Today's poem is by Nancy Cherry


In Oklahoma, there are windows without houses.
Propped against foundations or each other, they resist
all weather—shattered glass caught
in the glazing of what's been abandoned.
In the panhandle, barns list—one side bleached
in the treeless landscape, the other nailed by hard ice.
Woodpiles black with old water. A kitchen door.
A glass knob. A phonograph. We were headed
back to California in a Cutlass Cruiser
with three weeks of laundry, beer cans,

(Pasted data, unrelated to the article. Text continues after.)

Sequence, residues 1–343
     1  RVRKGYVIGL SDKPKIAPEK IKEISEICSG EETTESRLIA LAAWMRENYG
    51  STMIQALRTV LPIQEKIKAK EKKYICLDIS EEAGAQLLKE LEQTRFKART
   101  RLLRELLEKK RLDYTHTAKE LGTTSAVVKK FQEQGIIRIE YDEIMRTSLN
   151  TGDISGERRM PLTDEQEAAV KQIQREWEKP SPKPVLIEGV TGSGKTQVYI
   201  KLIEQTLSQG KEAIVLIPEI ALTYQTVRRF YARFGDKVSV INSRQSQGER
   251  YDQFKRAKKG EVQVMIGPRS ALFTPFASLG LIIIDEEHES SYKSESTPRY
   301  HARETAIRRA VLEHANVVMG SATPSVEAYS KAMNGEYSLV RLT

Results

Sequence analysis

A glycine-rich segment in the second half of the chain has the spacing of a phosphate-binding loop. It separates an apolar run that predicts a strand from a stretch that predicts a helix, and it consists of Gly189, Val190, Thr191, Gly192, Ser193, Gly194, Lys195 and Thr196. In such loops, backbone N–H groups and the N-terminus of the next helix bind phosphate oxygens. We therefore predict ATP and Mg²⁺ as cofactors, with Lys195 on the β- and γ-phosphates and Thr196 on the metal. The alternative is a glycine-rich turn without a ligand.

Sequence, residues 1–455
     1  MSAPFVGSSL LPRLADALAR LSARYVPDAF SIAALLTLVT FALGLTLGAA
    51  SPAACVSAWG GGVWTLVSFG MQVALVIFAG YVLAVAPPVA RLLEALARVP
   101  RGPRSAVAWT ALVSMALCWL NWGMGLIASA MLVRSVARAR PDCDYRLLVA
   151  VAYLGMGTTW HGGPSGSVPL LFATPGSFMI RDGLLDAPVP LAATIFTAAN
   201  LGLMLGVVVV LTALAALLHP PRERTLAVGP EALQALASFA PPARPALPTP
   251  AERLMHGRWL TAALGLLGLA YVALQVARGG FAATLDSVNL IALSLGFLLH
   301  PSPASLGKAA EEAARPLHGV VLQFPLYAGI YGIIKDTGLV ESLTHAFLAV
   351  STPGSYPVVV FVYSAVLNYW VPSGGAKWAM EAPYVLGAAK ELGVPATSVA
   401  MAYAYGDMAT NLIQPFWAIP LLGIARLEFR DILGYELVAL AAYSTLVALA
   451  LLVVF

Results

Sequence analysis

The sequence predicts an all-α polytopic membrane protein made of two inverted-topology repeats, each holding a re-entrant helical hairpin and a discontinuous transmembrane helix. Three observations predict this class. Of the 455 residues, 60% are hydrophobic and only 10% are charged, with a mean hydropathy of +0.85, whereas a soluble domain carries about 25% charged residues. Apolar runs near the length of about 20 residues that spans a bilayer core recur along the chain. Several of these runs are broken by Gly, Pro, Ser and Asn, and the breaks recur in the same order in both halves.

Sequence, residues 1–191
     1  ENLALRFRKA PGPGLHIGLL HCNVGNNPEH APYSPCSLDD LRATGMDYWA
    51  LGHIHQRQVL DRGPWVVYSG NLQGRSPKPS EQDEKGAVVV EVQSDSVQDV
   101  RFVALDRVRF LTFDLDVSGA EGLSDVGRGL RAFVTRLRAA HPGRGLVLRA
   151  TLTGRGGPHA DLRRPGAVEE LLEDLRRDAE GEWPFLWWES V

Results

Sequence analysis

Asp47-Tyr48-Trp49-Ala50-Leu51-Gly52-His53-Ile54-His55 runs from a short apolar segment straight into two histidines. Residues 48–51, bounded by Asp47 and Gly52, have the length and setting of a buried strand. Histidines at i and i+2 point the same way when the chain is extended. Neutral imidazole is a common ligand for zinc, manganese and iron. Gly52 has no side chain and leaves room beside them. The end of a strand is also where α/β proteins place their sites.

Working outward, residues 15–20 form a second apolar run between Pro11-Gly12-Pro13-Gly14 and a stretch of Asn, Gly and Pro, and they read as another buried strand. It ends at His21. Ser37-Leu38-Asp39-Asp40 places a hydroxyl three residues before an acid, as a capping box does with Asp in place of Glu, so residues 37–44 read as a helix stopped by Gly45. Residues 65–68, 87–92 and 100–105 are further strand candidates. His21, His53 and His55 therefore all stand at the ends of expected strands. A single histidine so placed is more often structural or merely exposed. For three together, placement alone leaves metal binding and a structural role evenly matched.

and fireworks bought on Cherokee land.
Summer in one direction, winter doubling back.
We stopped at a vacant ranch house built on hard pan,
our first agreement in 200 miles. There was a well
at the center, the aluminum handle off a Frigidaire,
a load of river rock. We dropped pebbles
down the well's long echo. Everything blowing
amid the wild wheat—even our photos
came out brown, sun-dusted. Finally
everything we dropped fell in silence.
We tried Arizona and New Mexico, Route 66.
We lasted as far as Barstow. We should have known
back in Guymon as a tornado blew through the night.
White catalpa flowers torn from trees
nowhere in sight—we woke to Highway 56
brilliant with litter.

Copyright © 2009 Nancy Cherry All rights reserved
from Cimarron Review
Reprinted by Verse Daily® with permission

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